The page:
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ERIC Number: EJ1063213
Record Type: Journal
Publication Date: 2015
Pages: 6
Abstractor: ERIC
Reference Count: N/A
ISSN: ISSN-1539-9664
States Raise Proficiency Standards in Math and Reading
Peterson, Paul E.; Ackerman, Matthew
Education Next, v15 n3 p16-21 Sum 2015
Since No Child Left Behind (NCLB) was enacted into federal law in 2002, states have been required to test students in grades 3 through 8 and again in high school to assess math and reading achievement. The federal law also asks states to establish the performance level students must reach on the exams in order to be identified as "proficient." NCLB also requires the periodic administration of tests in selected subjects to a representative sample of students in 4th and 8th grade as part of the National Assessment of Educational Progress (NAEP), also known as the nation's report card, which is administered under the auspices of the U.S. Department of Education. The availability of data from both NAEP and from tests administered by each state allows for periodic estimates of the rigor of each state's proficiency standards. Since NCLB was enacted into law, "Education Next" has used this information to identify the rigor of state proficiency standards each time the results from state and NAEP tests have become available. This is the sixth in a series of reports that grade state proficiency standards on the traditional A-to-F scale used to evaluate students. Each state is graded according to the size of the differential between the percentages of students identified as proficient by the state and the percentages identified by NAEP on the 4th- and 8th-grade math and reading exams. In this article, the authors extend the five prior analyses by identifying the changes in state proficiency standards between 2011 and 2013, the last year for which the relevant information is available. They show that many states have raised their proficiency bars since 2011. Indeed, the 2013 data reveal that for the first time, substantially more states have raised their proficiency standards than have let those standards slip to lower levels. Overall, 20 states strengthened their standards, while just 8 loosened them.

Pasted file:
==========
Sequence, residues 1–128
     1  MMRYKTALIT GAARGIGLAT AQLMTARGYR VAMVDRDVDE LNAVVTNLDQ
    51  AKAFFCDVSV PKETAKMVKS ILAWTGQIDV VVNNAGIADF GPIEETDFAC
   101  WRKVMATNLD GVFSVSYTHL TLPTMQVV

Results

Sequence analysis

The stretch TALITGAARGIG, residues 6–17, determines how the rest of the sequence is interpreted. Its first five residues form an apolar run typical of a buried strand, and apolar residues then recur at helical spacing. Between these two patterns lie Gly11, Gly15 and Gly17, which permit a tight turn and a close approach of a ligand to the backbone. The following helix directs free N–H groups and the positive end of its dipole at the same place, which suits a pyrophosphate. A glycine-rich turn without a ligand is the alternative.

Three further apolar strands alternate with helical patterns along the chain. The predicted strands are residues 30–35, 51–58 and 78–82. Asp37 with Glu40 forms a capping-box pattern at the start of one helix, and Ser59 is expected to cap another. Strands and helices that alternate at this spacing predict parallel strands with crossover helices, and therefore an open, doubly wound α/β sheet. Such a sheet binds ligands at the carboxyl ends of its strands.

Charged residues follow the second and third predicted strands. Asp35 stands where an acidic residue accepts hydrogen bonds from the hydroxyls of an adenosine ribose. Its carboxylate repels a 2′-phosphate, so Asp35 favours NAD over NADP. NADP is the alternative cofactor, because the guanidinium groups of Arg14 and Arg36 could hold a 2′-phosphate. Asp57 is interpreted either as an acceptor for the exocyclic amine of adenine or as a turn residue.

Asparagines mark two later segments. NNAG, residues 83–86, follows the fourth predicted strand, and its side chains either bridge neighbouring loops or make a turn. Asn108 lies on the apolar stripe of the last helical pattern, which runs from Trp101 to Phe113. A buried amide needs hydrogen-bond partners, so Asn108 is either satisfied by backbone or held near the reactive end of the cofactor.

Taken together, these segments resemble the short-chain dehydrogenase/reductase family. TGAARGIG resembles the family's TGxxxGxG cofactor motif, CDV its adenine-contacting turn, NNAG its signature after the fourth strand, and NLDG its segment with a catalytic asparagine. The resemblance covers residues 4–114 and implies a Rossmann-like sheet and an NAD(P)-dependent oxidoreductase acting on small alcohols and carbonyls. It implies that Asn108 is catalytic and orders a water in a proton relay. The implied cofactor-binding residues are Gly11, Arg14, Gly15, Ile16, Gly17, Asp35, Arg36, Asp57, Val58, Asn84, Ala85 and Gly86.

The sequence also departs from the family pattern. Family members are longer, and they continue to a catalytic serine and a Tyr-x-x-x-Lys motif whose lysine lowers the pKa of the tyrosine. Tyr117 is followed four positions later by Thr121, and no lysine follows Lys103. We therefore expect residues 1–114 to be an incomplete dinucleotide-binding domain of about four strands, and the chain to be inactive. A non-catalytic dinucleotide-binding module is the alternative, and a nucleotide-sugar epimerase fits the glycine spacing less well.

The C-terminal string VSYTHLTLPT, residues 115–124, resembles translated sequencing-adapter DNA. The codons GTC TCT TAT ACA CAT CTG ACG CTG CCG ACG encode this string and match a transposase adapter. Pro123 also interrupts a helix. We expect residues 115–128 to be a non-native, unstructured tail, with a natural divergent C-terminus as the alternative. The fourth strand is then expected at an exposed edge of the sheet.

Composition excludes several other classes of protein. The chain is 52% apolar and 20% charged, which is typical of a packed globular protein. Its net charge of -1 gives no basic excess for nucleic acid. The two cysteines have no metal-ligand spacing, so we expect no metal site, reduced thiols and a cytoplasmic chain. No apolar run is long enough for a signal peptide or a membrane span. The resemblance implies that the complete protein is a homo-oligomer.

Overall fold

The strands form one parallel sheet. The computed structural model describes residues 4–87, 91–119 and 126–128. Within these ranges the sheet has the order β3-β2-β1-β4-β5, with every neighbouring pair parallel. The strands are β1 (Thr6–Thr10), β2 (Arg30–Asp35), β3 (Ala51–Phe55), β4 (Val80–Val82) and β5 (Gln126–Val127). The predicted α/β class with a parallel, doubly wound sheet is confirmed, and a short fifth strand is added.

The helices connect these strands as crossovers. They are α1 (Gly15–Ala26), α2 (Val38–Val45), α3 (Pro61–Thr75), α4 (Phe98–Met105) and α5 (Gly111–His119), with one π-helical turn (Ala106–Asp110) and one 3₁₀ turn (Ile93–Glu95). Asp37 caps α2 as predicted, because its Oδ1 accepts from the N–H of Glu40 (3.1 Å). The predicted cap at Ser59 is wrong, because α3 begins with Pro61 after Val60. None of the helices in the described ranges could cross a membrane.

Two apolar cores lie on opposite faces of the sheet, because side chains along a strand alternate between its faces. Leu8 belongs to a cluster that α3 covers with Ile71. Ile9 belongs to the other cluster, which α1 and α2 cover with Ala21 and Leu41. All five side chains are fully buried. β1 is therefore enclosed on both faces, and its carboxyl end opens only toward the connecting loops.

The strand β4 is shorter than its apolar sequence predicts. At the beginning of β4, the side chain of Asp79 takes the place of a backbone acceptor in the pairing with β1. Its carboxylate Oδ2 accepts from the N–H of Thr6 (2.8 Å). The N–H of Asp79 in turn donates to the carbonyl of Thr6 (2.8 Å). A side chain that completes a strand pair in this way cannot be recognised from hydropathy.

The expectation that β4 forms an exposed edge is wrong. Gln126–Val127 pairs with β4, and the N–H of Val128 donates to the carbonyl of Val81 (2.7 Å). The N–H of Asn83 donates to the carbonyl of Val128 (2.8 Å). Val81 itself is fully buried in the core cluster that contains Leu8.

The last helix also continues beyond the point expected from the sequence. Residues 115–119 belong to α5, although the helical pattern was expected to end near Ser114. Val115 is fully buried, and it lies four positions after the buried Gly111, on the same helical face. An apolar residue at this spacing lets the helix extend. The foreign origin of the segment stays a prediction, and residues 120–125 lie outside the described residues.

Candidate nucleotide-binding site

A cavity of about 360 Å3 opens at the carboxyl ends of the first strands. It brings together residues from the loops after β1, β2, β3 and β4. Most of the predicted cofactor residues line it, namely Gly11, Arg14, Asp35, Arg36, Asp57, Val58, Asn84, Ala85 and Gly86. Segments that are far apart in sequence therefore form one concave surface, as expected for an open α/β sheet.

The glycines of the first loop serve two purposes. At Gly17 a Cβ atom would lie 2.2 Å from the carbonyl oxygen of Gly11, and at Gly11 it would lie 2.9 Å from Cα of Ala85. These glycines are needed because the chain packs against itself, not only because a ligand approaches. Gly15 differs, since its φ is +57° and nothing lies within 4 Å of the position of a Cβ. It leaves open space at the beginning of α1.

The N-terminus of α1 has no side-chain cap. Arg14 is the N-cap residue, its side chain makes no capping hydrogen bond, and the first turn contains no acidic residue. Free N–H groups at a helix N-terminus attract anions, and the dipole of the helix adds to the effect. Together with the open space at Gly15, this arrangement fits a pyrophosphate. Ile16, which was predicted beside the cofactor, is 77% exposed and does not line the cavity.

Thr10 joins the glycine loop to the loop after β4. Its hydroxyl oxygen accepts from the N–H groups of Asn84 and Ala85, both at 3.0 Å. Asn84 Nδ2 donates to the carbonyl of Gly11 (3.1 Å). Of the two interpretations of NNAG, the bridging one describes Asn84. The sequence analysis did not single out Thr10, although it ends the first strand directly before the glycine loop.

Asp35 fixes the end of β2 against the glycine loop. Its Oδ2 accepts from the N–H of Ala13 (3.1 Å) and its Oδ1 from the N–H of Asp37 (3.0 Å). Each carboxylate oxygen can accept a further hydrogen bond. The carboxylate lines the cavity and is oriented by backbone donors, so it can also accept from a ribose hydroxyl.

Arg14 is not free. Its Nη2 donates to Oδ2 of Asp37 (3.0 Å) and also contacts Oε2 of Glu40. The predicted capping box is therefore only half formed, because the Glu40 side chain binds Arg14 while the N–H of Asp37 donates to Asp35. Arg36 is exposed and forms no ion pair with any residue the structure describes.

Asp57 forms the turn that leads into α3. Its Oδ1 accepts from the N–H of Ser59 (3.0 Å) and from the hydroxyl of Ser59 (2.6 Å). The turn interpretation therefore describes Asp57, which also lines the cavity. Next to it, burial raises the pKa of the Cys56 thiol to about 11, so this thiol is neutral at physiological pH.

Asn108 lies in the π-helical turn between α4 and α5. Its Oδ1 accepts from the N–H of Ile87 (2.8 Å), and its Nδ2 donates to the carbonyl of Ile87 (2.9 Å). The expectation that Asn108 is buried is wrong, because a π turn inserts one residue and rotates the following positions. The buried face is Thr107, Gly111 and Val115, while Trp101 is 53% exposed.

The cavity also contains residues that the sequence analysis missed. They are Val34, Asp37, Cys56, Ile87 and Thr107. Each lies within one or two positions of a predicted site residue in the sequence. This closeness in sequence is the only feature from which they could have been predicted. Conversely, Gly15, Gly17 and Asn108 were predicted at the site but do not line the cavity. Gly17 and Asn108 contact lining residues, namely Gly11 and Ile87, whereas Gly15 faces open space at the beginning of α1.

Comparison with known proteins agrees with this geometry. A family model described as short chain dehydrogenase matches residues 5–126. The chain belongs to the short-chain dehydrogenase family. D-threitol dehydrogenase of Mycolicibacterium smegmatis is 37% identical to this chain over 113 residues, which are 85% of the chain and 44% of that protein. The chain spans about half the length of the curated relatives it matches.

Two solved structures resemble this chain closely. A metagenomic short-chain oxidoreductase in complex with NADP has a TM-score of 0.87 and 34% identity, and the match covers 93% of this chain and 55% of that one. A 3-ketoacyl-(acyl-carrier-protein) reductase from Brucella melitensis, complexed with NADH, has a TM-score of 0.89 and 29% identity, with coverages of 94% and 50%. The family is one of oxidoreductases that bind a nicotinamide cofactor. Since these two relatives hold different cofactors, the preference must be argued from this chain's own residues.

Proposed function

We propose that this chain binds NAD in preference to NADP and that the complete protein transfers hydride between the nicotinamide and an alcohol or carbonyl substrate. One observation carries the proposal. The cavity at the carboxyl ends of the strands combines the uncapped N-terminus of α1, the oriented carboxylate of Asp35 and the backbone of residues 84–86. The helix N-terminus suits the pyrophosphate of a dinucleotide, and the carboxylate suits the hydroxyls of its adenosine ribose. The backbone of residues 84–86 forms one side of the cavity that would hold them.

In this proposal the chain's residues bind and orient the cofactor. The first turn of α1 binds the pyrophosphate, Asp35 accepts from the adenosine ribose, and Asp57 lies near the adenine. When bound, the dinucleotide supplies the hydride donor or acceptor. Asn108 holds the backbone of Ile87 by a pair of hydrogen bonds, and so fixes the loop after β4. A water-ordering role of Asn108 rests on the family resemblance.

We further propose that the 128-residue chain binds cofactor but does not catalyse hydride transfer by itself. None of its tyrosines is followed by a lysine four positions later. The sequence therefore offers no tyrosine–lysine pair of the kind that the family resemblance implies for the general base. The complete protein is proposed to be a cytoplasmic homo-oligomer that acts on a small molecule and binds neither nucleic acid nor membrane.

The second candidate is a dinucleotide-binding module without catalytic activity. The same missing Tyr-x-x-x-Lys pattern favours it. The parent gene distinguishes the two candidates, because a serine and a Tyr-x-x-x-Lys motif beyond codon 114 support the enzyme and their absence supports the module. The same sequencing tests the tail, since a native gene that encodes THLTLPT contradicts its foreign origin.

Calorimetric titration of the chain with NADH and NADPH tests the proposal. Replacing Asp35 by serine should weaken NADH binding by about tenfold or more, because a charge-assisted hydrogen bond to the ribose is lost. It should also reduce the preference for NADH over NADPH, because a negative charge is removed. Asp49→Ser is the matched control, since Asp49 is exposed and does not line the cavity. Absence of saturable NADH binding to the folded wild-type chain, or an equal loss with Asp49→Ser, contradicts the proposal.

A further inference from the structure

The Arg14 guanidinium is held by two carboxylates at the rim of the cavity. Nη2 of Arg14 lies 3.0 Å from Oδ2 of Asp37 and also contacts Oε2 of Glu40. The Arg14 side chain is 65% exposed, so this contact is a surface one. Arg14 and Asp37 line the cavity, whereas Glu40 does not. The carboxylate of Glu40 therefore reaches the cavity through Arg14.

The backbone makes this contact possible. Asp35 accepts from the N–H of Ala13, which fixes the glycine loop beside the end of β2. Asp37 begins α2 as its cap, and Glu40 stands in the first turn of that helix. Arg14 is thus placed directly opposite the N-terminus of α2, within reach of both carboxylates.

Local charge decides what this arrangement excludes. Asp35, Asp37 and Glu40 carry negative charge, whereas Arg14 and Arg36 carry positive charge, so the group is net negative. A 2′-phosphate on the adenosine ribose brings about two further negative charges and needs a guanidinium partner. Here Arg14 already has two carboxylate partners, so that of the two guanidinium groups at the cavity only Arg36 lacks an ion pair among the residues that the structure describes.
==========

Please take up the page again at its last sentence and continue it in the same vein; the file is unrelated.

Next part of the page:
Hoover Institution. Stanford University, Stanford, CA 94305-6010. Tel: 800-935-2882; Fax: 650-723-8626; e-mail:; Web site:
Publication Type: Journal Articles; Reports - Evaluative
Education Level: Grade 4; Intermediate Grades; Elementary Education; Grade 8; Junior High Schools; Middle Schools; Secondary Education
Audience: N/A
Language: English
Sponsor: N/A
Authoring Institution: N/A
Identifiers - Laws, Policies, & Programs: No Child Left Behind Act 2001